Buffy was passing by the science lab when powerful hands with matted fur and yellow claws flashed out and snagged her by the shoulders. Out of the corner of her eye she saw the open jaws of the werewolf and reacted: a hard elbow to the ribs met with a satisfying grunt from behind. There was a roar in front of her, and Buffy looked up to see a second werewolf approaching. She straight-armed this one with the flat of her hand, knocking him on his butt, leaping high into an aerial roundhouse kick while her brain struggled frantically to send her a message: Cease. Desist. Remember the cemetery, Buffy?
Buffy pulled back on the kick and landed ungracefully on her behind. She glanced at the two “werewolves,” who she now realized were just big guys in full costume.
“Way to go, Jackie Chan,” a short guy with thick glasses and a leaning tower of books cried happily. “Those guys have been defining obnoxious with their bad-hair-scare tactics.”
“Uh, sorry,” she mumbled to the nearer one, who was trying to get to his knees. The other one was using all the words that were forbidden on sitcoms. “Your costumes are, ah, really there. I guess I’m just a little jumpy.”
Buffy looked up in time to see the gathering crowd of vultures part for their queen, Cordelia, and her entourage. Before the other girl swooped down for the attack, Buffy winced and tiredly rolled her eyes.
“Jumpy?” Cordelia parroted. “Just a little psycho, more like. Guys, take note, a major body lingo signal from Buffy here. Don’t invade her personal space or she’ll go all, like, special forces on you. Or maybe you thought they were real werewolves, huh, Summers?”
“Never know what’s going to pop its ugly monster Pez-head up out of hell on Halloween, Cordelia. Witness your sudden arrival,” Buffy snapped, then spun and stalked away toward the library. She could almost hear the anger building inside Cordelia Chase.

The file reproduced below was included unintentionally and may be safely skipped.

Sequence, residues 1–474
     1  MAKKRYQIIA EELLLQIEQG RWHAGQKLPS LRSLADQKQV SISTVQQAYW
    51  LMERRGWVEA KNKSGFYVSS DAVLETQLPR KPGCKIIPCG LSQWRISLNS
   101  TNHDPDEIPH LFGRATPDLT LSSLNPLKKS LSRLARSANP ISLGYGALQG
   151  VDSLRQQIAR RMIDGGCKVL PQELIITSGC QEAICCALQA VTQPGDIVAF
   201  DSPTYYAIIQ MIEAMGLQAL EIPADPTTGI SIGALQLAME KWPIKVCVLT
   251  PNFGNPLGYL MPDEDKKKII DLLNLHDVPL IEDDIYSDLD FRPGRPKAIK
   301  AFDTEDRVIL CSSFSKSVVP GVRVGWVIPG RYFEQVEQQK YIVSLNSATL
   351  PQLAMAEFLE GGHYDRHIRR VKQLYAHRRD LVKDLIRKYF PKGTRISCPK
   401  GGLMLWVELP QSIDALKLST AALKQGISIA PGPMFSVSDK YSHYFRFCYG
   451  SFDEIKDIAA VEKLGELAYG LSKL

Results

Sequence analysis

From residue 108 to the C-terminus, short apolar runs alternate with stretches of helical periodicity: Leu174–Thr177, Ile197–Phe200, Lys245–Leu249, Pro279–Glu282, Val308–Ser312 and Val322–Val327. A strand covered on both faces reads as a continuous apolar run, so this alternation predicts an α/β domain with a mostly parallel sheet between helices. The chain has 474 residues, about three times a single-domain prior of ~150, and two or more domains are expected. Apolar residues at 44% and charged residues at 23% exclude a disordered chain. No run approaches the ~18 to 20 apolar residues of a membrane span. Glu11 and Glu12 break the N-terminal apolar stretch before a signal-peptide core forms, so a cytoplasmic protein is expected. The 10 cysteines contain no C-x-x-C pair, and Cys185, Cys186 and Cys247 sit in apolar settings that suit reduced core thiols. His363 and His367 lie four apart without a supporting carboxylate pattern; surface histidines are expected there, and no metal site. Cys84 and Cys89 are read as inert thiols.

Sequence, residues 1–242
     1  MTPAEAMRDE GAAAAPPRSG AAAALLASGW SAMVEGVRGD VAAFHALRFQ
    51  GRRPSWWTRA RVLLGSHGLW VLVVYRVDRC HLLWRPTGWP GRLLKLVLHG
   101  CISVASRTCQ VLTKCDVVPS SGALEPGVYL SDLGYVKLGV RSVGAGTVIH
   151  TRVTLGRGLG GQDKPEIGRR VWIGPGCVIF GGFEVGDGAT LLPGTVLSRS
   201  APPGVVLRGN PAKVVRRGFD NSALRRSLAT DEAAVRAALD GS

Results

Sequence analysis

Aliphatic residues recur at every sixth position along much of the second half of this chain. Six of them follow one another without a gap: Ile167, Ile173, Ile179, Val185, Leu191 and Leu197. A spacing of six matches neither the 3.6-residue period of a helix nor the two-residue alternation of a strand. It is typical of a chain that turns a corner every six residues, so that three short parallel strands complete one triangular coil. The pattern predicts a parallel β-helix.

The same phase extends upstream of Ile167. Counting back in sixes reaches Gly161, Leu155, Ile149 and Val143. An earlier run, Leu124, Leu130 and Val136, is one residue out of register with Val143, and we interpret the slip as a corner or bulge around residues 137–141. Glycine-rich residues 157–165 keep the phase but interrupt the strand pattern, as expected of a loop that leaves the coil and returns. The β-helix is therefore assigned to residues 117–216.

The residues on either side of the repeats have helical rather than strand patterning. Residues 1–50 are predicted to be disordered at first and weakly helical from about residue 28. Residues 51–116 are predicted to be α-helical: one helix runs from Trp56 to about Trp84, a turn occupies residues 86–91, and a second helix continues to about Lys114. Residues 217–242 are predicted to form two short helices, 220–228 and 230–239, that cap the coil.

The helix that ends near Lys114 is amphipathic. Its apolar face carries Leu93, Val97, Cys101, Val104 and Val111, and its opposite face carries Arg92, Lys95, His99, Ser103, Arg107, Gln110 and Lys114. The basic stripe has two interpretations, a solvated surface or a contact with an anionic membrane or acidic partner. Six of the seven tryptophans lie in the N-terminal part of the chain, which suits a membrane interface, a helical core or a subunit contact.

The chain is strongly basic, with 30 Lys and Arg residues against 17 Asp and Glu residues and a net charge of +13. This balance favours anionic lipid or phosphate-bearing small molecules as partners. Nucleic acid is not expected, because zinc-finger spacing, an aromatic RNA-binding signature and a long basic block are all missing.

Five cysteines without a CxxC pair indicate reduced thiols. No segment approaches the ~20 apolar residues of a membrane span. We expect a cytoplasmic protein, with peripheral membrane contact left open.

“Bye-bye, Buffy the walking X-File,” Cordelia called after her, followed by a chorus of laughter from kids without the guts to make fun of her to her face.
If she cared about fitting in, if she allowed her feelings to be hurt by someone as deep as the kiddie pool, she might have been upset. But Buffy was so above it all. She was the Slayer. Normal teen angst didn’t stack up to fangs at your throat.
Sometimes, it was worse.
Sure, she was the Slayer, but Buffy’s face was flushed and she couldn’t have forced a smile onto her face with a Neiman Marcus shopping spree. Well, maybe that. She did need black boots. And a few other things.
When she pulled open the door to the library, Buffy was smiling again and thinking cashmere. Winter was coming, after all. Cordelia’s tongue was a weapon, but her hack-and-slash approach was clumsy enough that the wounds were never deep.
At a long research table in the library was a stack of moldy old books that could only belong to one man. But despite the presence of titles like Archaic Druidry, Celtic Magick, and Shadow Realms, among many others, their owner was nowhere in sight.
“Giles?” Buffy called.
“Hmm?” a mumbled response came from the library’s second-story loft. “Oh, yes, Buffy, up here. Is school over already, or are you cutting class again?”
She looked up at him and realized Giles hadn’t even taken his eyes off the racks of books.
“The school is burning down, Giles,” she said, trying to raise some reaction. Nothing. “You didn’t even hear the bell. What’s got you by the nostrils?”
“Sorry,” he said, distracted. “I’ll be down in a moment.”
Buffy slid her backpack onto the table. She dropped into a chair, leaned back, and planted her feet on the scarred oak. A quick glance around told her something she’d already known: She and Giles were alone in the library.
Of course they were. Even before Rupert Giles left the staff of the British Museum to become school librarian at Sunnydale High—a career move roughly equivalent to an appointment with Dr. Kevorkian—the library wasn’t exactly the place to be seen by people hip enough to look. It was more like a dungeon with books, and barely enough light to read them by.
Still was. Only now, it was Mission: Impossible to find the books kids actually needed for class. Giles had brought in his own collection, so ver...